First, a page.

The federal government had committed to bailing out the banks, and those bail-outs meant the federal government would have some leverage to tell banks what to do, and perhaps to keep them from foreclosing on at-risk buildings.
Dina and Amy had been working with a coalition of housing experts and federal elected officials on a plan to save buildings at imminent risk of foreclosure.
So now we would also need to promote viable short- and long-term solutions and tell all parties how best to proceed.
The short term solutions had to do with saving buildings that were already overleveraged. How could these buildings be saved from foreclosure? with loan modifications and a strategy we called “preservation short sales.” (Download the PDF at the end of this article if you want to get more details). With loan modifications, the federal government would press banks to modify loans to allow speculators to continue paying their mortgages and providing services. In a preservation short sale, the federal government would offer tax incentives for speculators to sell the buildings at a loss to responsible owners. The key goal in both scenarios was to keep the buildings affordable for current tenants.
Long-term solutions would involve new loan standards for banks that would dry up money for huge predatory equity deals.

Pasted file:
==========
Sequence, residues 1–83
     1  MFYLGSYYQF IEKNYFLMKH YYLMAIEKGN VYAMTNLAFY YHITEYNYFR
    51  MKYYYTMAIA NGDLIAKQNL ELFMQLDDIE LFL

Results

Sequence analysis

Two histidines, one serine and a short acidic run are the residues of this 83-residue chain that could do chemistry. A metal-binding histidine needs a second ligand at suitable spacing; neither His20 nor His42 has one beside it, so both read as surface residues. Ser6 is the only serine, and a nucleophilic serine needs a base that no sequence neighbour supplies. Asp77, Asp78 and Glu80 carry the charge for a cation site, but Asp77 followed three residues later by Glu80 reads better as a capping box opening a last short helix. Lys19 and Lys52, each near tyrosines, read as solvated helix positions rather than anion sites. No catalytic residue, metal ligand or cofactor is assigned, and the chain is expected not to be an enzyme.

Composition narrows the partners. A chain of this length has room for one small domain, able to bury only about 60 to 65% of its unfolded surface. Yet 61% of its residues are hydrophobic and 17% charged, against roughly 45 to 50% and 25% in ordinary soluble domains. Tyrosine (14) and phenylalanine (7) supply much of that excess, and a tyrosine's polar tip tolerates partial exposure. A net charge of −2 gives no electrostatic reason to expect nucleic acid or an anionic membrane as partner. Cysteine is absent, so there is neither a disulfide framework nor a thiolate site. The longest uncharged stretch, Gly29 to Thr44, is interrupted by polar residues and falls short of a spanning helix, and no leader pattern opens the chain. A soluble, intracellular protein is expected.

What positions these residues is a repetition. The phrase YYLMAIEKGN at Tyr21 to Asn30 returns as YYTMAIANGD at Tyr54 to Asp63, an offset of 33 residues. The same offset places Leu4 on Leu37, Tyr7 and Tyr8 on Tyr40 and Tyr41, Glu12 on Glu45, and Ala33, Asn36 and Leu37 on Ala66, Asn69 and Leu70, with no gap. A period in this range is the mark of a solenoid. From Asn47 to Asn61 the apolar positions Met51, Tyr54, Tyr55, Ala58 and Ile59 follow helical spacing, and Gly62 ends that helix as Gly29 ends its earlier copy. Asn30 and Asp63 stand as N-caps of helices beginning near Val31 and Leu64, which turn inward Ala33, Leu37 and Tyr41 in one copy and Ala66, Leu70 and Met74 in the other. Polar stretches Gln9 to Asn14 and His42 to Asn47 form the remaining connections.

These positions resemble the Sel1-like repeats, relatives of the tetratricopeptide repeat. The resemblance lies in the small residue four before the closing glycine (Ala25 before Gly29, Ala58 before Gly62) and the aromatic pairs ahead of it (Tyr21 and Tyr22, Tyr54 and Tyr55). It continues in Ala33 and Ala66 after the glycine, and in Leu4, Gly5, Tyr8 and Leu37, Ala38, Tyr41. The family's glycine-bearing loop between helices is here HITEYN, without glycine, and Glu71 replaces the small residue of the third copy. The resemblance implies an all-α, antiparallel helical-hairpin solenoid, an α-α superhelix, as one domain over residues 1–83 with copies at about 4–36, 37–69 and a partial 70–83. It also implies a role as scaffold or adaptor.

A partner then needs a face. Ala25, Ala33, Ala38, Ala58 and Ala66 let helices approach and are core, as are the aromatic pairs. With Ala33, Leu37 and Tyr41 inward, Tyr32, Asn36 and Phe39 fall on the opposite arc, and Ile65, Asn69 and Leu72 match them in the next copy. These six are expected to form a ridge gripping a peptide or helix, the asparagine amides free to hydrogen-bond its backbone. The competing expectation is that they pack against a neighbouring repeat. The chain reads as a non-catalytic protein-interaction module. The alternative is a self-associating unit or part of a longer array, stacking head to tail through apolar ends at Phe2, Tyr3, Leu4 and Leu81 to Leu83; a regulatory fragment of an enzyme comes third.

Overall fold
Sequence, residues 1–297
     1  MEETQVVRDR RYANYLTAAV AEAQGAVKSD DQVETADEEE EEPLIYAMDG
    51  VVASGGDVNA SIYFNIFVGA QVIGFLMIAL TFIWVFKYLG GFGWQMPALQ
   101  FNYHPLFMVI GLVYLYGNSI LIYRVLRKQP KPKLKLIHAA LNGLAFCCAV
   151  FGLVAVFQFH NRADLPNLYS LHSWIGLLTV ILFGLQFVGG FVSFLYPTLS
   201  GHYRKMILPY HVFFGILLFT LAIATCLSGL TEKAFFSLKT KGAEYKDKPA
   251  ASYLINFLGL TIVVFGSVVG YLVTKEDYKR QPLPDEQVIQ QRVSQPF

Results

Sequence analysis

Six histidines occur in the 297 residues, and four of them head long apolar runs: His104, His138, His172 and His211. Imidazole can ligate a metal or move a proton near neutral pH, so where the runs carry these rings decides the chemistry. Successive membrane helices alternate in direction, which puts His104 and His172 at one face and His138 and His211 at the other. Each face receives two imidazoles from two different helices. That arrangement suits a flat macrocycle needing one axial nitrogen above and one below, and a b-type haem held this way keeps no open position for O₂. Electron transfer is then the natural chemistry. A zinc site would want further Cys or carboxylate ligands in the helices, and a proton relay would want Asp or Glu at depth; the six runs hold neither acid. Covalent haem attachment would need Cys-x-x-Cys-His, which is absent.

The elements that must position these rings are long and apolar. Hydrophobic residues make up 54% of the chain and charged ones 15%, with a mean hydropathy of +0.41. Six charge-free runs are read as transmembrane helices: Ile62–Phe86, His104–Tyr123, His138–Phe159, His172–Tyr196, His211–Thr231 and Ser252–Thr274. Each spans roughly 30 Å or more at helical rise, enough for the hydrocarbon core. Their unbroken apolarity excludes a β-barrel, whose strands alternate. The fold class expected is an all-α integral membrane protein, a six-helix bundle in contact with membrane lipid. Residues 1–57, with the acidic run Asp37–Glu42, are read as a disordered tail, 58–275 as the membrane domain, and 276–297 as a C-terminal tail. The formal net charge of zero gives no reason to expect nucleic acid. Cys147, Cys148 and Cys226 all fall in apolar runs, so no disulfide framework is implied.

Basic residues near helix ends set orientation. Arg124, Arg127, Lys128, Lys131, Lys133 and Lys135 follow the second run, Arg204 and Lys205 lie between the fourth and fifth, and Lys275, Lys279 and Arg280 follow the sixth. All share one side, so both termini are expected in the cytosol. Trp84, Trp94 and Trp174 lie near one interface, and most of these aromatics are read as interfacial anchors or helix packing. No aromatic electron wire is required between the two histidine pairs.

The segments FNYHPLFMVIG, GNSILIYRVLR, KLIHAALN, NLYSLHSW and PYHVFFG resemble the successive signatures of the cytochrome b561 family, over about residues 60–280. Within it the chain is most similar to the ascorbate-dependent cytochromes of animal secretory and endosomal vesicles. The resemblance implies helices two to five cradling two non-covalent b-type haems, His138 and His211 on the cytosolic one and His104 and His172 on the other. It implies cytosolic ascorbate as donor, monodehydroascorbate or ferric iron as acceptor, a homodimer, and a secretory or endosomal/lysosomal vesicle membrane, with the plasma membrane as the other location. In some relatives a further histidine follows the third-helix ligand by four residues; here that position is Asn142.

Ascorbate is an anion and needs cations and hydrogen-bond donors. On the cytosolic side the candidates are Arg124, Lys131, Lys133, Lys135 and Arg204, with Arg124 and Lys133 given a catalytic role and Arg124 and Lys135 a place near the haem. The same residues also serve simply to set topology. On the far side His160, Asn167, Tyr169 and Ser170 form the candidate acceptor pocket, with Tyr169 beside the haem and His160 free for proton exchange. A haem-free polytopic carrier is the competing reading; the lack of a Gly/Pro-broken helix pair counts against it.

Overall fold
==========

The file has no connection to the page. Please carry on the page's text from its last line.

The political and financial viability of these solutions kept shifting as Dina and Amy met with the various coalitions and elected officials so we had to develop language and a visual design that was general enough to be accurate in 6 months, but specific enough to deliver real information.
Establishing The Design
The publication design was developed around the outline below. Each section would provide a terse executive summary flanked by an illustrated narrative that either clarified the text or gave further information. This design established how much space was allotted to each part, how much text would fit, and what it would look like.
The front is divided into four panels that act as a booklet. The acts as a poster, so I consider that one panel as well.
Panel 1 cover and back cover
Panel 2 explains predatory equity
Panel 3 explains the short term problem and solutions
Panel 4 explains the long-term problem and solutions
Panel 5 the poster, shows solidarity and tells how to engage the situation
The pamphlet had to be inviting enough to suck a reader in but also contain a good amount of density. We wanted the cover to stand out on an elected official’s desk and really look nothing like something you’d expect a “policy brief” to look like.
The first spread breaks down the basics of the problem in a simple précis and cartoon narrative. But, when you open the gatefold, you are hit with a great deal of information. We thought the seriousness of the content here offset the playfulness of the graphics, hopefully hitting that space where it can be both inviting and taken seriously.
The other audience for the publication is of course tenants and tenant organizers. Instead of using the poster surface to contain a complicated diagram, we decided to keep it simple and graphic: something that could be read from 40 feet or more. (as in a window on a 2nd story. The poster would help create a visual “identity” for the issue.)